“This is actually a good outcome for us” a former Westminster Labour minister told me as Wendy Alexander delivered her resignation statement on Saturday morning. Well, politicians are supposed to put a brave face on adversity, but seeing silver lining in the resignation of Labour’s second Scottish leader in less than a decade over expenses irregularities – the first being the former First Minister Henry McLeish over those constituency sub-lets – was a towering achievement of political optimism.
What I suspect he meant was that Labour could at least blame the SNP for Wendy’s downfall. That it was the result of a politically motivated stitch-up by the nasty nats and their stooges like, er, the Scottish Standards Commissioner, Jim Dyer – who might have his own views about the accusations of political bias. He it was who recommended to the Holyrood Standards Committee that action be taken against Wendy Alexander for breaking the rules on disclosure, rejecting the view of parliamentary clerks that campaign contributions did not need to be registered on the members interest register.
Complex issue it may be, but when Labour complain about these rules on disclosure damaging politics and underming parliamentary democracy they would do well to remember that it was their own government that introduced them. One has sympathy with Wendy Alexander over the apparent confusion and the contradictory legal advice she received – but why did she not just register the damn contributions to her leadership campaign in the first place? Why leave herself open to accusations of a cover up by sitting on them for two months? Surely politicians realise that you cannot take money from business contacts anymore without being transparent and open about them.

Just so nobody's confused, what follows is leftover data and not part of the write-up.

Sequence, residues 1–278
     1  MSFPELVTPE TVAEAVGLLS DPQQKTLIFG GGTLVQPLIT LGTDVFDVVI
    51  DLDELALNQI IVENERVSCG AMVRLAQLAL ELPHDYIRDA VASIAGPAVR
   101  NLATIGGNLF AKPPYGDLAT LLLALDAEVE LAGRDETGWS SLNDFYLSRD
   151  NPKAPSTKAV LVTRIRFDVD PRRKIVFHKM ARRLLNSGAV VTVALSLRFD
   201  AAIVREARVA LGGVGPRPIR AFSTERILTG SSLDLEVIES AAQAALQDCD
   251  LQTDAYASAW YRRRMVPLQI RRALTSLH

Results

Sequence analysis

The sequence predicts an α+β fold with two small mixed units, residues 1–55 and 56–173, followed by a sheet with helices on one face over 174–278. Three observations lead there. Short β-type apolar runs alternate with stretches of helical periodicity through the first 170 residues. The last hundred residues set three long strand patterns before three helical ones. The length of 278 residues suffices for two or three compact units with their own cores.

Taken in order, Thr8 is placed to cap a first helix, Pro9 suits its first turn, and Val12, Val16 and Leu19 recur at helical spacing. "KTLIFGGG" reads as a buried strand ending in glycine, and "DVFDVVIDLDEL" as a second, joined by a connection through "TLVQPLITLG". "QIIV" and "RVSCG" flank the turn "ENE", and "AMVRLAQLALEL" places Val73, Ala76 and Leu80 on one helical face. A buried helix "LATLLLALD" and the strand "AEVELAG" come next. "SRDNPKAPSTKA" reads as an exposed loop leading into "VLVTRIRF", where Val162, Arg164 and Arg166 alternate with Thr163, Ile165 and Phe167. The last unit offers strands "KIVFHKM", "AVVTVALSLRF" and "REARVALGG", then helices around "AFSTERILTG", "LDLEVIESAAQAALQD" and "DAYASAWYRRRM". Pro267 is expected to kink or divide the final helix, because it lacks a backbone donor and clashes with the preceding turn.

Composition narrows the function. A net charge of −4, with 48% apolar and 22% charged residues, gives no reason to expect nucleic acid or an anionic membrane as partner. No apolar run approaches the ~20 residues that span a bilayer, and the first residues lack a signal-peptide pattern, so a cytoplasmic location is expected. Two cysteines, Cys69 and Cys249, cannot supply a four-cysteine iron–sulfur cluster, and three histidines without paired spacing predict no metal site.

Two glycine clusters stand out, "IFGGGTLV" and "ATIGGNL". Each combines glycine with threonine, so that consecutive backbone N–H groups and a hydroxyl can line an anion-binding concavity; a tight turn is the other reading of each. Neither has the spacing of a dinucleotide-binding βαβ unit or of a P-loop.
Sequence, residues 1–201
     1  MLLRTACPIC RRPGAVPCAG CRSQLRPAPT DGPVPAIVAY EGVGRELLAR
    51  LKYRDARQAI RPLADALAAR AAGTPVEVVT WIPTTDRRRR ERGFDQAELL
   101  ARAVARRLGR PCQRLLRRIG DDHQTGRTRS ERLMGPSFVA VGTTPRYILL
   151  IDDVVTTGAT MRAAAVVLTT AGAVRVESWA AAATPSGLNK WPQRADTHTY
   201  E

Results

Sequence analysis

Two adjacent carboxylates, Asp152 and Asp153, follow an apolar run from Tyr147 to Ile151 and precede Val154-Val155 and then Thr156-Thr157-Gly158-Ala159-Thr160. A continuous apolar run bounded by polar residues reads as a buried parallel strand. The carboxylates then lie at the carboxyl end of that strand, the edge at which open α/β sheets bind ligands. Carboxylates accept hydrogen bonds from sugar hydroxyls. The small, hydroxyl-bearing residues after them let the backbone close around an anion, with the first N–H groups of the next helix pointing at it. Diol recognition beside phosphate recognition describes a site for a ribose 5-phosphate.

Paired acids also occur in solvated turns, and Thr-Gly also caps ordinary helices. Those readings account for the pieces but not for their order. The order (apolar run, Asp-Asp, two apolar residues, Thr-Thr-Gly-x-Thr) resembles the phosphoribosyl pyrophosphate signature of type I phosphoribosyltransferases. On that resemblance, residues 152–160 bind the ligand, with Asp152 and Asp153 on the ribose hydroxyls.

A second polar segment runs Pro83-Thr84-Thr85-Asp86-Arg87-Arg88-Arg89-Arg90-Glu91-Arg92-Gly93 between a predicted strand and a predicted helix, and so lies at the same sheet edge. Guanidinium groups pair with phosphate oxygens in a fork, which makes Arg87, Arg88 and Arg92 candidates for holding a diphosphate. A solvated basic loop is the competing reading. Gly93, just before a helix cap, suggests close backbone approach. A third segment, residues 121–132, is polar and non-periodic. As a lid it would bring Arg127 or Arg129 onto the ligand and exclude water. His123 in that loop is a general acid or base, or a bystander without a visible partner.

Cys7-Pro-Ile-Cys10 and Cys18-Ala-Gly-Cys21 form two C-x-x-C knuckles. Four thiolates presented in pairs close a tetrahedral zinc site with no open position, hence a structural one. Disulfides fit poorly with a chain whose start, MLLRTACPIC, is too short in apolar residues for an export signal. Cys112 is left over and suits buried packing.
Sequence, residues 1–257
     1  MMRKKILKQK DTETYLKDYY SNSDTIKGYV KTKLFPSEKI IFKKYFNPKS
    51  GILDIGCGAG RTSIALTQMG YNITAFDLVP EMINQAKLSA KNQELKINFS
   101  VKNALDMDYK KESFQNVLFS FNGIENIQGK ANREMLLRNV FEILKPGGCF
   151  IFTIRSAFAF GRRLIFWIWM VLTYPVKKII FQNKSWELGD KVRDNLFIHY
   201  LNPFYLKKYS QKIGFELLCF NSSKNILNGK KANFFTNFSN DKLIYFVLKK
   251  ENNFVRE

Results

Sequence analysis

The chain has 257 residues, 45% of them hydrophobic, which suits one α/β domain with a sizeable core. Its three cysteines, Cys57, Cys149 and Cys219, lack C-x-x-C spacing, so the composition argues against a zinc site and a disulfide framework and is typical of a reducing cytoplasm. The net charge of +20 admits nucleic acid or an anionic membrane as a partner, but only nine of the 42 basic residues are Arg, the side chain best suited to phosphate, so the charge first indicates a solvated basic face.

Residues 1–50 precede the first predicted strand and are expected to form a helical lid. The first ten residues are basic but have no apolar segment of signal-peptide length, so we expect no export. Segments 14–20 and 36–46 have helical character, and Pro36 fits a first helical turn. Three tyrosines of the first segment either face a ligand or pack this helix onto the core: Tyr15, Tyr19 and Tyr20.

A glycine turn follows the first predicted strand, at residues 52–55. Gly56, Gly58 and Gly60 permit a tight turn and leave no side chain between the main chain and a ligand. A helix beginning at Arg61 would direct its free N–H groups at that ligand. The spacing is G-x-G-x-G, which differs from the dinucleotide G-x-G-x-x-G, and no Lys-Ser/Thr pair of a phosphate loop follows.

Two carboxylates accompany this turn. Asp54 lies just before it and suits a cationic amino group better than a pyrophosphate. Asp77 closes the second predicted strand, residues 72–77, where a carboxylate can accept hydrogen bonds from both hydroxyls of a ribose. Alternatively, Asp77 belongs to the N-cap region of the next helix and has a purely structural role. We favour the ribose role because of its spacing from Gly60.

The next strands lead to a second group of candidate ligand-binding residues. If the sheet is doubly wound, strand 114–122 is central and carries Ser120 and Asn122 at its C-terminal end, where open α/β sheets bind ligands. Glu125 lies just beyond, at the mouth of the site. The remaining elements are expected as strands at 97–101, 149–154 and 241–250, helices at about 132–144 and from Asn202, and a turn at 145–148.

Wendy Alexander talked of “vexations complaints” from the nationalists. Actually, as readers of this newspaper well know, the intelligence about Wendy Alexander’s campaign contributions entered the public domain, not via the SNP but through stories in the Sunday Herald from Labour sources. The formal complaints came later from members of the public with nationalist connections. It is worth remembering that the cash-for-questions investigation in Westminster arose out of a legitimate complaint made by a nationalist MP, Angus Brendan MacNeill (check name) after reading press accounts of businessmen receiving peerages after giving secret loans to the Labour Party..
Perhaps the bigger question is whether it was really necessary for Wendy to resign over a one day suspension by the parliament’s standards committee which might well have been rejected by the full parliament in September? Wendy Alexander and her Westminster bosses realised that her leadership simply wasn’t working, that she was being overwhelmed by Salmond, and were looking for a suitable ‘out’. There was a mutual interest in bringing this episode to an end, which is why many Labour politicians at Westminster are as relieved to see the back of her as she is to see the back of the job. It must have been sheer hell for Wendy trying to lead a defeated party with precious little support in Holyrood and and the active contempt of her own party in Westminster.
The collision with Gordon Brown last month over Ms Alexander’s call for a referendum on independence left serious damage on both sides. Westminster Labour MPs and ministers were incensed at Wendy Alexander’s decision to adopt the nationalist policy of giving Scottish voters the right to choose. Gordon Brown still refuses to accept that she actually called for a referendum. Wendy Alexander, for her part, has repeated her call on several occasion, most recently on BBC Question Time a fortnight ago.